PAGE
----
Threshold and subthreshold forms of generalized anxiety disorder (GAD) are highly prevalent and impairing conditions among adults. However, there are few general population studies that have examined these conditions during the early life course. The primary objectives of this study were to: (1) examine the prevalence, and sociodemographic and clinical characteristics of threshold and subthreshold forms of GAD in a nationally representative sample of US youth; and (2) test differences in sociodemographic and clinical characteristics between threshold and subthreshold forms of the disorder.
The National Comorbidity Survey-Adolescent Supplement is a nationally representative face-to-face survey of 10 123 adolescents 13 to 18 years of age in the continental USA.
Approximately 3% of adolescents met criteria for threshold GAD. Reducing the required duration from 6 months to 3 months resulted in a 65.7% increase in prevalence (5.0%); further relaxing the uncontrollability criterion led to an additional 20.7% increase in prevalence (6.1%). Adolescents with all forms of GAD displayed a recurrent clinical course marked by substantial impairment and co-morbidity with other psychiatric disorders. There were few significant differences in sociodemographic and clinical characteristics between threshold and subthreshold cases of GAD. Results also revealed age-related differences in the associated symptoms and clinical course of GAD.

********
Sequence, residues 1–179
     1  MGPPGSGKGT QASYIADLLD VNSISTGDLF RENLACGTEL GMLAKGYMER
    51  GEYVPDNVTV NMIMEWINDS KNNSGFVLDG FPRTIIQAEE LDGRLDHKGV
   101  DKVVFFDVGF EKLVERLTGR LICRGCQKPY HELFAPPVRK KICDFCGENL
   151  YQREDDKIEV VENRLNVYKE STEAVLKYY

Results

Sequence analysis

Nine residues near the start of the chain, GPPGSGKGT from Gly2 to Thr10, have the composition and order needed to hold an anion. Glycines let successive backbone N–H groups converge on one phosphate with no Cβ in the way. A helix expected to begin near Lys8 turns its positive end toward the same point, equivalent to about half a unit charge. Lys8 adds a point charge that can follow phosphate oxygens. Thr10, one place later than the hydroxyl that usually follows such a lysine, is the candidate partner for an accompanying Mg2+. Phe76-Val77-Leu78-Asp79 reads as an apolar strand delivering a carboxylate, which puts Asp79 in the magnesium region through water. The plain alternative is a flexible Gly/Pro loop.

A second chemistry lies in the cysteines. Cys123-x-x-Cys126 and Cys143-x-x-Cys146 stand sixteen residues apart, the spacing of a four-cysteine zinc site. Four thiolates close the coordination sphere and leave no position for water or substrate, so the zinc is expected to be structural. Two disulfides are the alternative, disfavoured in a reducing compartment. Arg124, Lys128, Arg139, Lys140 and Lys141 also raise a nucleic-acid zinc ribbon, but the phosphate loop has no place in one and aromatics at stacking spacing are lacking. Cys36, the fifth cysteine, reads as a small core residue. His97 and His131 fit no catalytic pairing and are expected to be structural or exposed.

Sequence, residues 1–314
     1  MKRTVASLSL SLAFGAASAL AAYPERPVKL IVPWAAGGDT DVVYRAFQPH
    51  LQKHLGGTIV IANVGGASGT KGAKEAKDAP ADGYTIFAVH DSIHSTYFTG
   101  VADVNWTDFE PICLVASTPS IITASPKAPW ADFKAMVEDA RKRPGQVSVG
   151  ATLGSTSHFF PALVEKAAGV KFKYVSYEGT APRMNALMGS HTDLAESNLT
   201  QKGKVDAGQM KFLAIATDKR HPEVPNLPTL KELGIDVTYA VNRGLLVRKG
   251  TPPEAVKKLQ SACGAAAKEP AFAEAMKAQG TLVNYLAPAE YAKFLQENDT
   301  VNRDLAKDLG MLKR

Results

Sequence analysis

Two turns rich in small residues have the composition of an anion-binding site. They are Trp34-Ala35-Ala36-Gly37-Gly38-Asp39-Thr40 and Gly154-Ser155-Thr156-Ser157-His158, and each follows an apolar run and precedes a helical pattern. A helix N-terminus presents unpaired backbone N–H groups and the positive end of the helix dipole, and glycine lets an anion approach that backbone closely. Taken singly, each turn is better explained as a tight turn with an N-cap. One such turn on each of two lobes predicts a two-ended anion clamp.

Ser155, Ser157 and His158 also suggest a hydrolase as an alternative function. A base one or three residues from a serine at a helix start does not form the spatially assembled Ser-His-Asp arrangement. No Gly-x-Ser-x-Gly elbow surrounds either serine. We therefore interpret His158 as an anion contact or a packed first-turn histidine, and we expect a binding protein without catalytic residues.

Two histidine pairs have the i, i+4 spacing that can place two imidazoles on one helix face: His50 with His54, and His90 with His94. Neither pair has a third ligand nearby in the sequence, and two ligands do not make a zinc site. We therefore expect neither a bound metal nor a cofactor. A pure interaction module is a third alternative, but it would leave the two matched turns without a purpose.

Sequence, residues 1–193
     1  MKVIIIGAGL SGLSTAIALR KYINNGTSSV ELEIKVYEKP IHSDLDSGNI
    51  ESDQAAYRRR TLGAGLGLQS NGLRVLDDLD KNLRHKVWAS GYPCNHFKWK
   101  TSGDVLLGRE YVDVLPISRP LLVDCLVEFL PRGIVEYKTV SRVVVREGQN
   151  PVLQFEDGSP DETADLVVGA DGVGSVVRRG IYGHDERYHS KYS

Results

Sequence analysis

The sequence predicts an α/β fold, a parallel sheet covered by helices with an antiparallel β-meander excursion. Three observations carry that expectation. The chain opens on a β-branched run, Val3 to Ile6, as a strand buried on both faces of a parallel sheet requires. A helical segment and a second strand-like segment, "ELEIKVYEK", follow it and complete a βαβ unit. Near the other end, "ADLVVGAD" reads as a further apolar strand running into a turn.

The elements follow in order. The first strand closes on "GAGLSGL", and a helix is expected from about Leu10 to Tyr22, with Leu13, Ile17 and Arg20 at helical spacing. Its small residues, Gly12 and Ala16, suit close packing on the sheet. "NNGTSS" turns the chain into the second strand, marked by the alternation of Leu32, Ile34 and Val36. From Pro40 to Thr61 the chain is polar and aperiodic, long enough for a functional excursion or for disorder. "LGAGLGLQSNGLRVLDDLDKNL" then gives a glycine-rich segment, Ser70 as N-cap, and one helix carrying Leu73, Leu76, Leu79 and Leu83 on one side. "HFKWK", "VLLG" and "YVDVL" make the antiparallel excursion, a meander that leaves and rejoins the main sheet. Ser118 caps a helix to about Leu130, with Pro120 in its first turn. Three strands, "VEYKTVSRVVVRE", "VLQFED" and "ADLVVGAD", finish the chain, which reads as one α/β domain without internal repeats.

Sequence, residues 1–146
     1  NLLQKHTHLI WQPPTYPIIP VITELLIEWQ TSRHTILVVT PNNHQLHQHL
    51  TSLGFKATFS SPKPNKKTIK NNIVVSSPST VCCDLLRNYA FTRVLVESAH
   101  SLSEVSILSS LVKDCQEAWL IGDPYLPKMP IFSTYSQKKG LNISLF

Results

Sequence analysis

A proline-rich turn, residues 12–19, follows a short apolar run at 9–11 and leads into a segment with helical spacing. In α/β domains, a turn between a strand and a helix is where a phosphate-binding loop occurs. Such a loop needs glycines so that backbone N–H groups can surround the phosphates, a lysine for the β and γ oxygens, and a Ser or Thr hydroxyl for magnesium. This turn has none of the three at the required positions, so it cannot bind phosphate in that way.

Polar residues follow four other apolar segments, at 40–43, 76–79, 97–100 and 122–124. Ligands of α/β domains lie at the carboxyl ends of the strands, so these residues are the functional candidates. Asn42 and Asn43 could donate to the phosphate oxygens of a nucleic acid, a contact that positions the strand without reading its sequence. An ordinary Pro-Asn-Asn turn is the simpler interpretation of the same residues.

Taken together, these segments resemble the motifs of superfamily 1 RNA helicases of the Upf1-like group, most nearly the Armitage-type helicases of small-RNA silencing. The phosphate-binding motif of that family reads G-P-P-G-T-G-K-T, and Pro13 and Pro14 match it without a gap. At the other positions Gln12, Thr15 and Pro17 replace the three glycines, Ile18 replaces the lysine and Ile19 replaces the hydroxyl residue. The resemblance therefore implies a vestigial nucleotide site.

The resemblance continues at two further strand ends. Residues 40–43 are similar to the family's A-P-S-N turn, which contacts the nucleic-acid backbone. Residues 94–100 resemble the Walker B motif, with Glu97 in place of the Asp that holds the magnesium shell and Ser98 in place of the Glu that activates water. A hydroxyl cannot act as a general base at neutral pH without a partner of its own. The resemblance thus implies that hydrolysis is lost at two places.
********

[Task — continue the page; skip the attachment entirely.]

Findings demonstrate the clinical significance of subthreshold forms of GAD among adolescent youth, highlighting the continuous nature of the GAD construct. Age-related differences in the associated symptoms and clinical course of GAD provide further support for criteria that capture variation in clinical features across development.